• [0004]
    Immunohistochemical observations in lung tissue derived from COPD patients revealed inflammatory infiltrates, composed of T lymphocytes and macrophages, with variable numbers of mast cells, neutrophils, and eosinophils. Advances in immune reactions have shown that an imbalance between T-helper type 1 (TH1) and T-helper type 2 (TH2) cells plays a role in the inflammatory response of various diseases. Studies have revealed a predominant TH1 cytokine pattern in the infiltrating interstitial inflammation in COPD. The airway epithelium is a critical component of the immune reaction, producing pro-inflammatory cytokines - including tumor-necrosis-factor alpha (TNFα) and interleukin-1 beta (IL-1β) - and chemokines. Epithelial cells of the lung also modulate acute exacerbations and reactions to pathogens that are common in patients suffering from COPD.
  • [0005]
    The only method used in the clinical practice for diagnosing COPD is spirometry, which is a pulmonary function test measuring lung function, specifically the measuring of the amount (volume) and/or speed (flow) of air that can be inhaled and exhaled. However, such tests are also used to diagnose other pulmonary diseases like asthma and pulmonary fibrosis. Therefore, such a method cannot function as the sole test to reliable diagnose COPD. Therefore, the physicians consider also symptoms like dyspnea, chronic cough or sputum production, and/or a history of exposure to risk factors for diagnosing COPD. It is evident that the use of such methods in diagnosing COPD or in discriminating various forms of COPD may result in a false diagnosis, so that the patient cannot utilise the best form of therapy right from the beginning of the disease.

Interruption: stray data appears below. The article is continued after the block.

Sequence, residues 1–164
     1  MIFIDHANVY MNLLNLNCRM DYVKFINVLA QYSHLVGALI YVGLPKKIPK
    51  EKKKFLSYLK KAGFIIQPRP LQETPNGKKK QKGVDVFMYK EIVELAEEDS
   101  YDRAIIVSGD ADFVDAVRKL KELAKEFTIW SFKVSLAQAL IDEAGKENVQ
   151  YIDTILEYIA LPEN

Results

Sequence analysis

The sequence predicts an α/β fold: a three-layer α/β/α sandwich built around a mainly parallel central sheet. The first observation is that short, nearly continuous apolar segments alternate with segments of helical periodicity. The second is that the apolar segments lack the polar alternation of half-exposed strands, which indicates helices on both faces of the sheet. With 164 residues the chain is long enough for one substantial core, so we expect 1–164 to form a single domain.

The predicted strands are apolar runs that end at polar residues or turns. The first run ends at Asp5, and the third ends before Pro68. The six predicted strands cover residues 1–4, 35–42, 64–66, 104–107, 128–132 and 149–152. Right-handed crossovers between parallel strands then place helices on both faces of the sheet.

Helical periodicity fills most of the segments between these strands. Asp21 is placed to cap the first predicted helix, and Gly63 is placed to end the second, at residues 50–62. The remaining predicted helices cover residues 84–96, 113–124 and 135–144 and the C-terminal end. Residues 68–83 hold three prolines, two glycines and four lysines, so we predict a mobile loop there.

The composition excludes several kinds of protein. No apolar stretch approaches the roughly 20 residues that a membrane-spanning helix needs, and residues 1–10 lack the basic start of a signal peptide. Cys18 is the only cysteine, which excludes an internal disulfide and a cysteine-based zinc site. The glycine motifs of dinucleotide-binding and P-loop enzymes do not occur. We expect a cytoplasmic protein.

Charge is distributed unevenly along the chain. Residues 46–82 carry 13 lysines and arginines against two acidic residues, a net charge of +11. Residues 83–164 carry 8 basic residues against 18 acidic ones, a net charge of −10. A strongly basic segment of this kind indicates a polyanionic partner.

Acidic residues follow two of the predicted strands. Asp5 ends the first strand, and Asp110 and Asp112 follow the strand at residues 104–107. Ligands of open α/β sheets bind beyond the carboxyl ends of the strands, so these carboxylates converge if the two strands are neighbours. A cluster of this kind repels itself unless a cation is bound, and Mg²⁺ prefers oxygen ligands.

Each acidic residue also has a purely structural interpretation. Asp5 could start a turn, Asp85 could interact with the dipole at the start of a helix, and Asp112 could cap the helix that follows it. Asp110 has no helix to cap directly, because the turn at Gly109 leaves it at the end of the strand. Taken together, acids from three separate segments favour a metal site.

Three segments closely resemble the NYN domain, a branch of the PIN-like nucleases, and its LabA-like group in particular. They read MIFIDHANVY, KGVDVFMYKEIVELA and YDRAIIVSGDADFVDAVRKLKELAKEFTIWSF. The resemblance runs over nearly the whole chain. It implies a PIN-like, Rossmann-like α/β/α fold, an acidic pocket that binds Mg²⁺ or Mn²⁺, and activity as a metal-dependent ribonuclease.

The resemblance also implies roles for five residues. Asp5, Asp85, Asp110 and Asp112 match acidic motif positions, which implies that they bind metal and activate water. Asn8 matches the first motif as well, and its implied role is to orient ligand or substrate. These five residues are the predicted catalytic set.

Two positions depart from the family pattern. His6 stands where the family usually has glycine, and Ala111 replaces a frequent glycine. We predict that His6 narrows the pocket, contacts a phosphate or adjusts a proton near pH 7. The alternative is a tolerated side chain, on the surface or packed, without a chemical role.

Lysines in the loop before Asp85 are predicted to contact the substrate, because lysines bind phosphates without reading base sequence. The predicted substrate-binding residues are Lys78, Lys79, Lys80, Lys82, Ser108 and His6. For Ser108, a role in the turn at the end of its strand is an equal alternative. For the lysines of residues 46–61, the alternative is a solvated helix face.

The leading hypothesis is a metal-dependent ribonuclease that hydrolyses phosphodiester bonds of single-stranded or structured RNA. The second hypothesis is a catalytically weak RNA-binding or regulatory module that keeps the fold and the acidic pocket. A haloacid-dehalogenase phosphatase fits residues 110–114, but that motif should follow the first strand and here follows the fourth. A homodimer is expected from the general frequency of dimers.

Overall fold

• [0006]
    Therefore, it is an object of the present invention to provide methods and means which allow for unequivocally diagnosing COPD in a human subject from the beginning of the disease or even for determining the risk of a human subject to develop COPD.
  • [0007]
    The present invention relates to a method for diagnosing chronic obstructive pulmonary disease (COPD) in a human subject or the risk of a human subject to develop COPD comprising the steps of:
    • providing a sample from a human subject,
    • determining the amount of interleukin-1 receptor 4 (ST2), caspase-cleaved cytokeratin-18 (ccCK-18), histones, heat shock protein 27 (HSP27), heat shock protein 70 (HSP70) and/or heat shock protein 90 alpha (HSP90 alpha) in said sample,
    • diagnosing COPD when the amount of ST2, ccCK-18, histones, HSP27, HSP70 and/or HSP90 alpha is increased compared to the amount of ST2, ccCK-18, histones, HSP27, HSP70 and/or HSP90 alpha in healthy human subjects, or
    • diagnosing the risk to develop COPD when the amount of ST2, ccCK-18, histones and/or HSP70 is reduced compared to the amount of ST2, ccCK-18, histones and/or HSP70 in healthy human subjects.
  • [0008]
    It turned out that the concentration of ST2, ccCK-18, histones, HSP27, HSP70 and/or HSP90 alpha in a sample of a human can function as marker which allows to diagnose COPD, in particular COPD stages I/II and III/IV in said human subject. The markers even allow to determine the risk of a human subject to develop COPD in the future. Not all humans which are considered as being at risk to develop COPD due to their lifestyle (e.g. humans subjected to smoke, smokers etc.) will come down with COPD. Therefore, the diagnosis that a human subject is at risk to develop COPD is very useful in the prevention of COPD.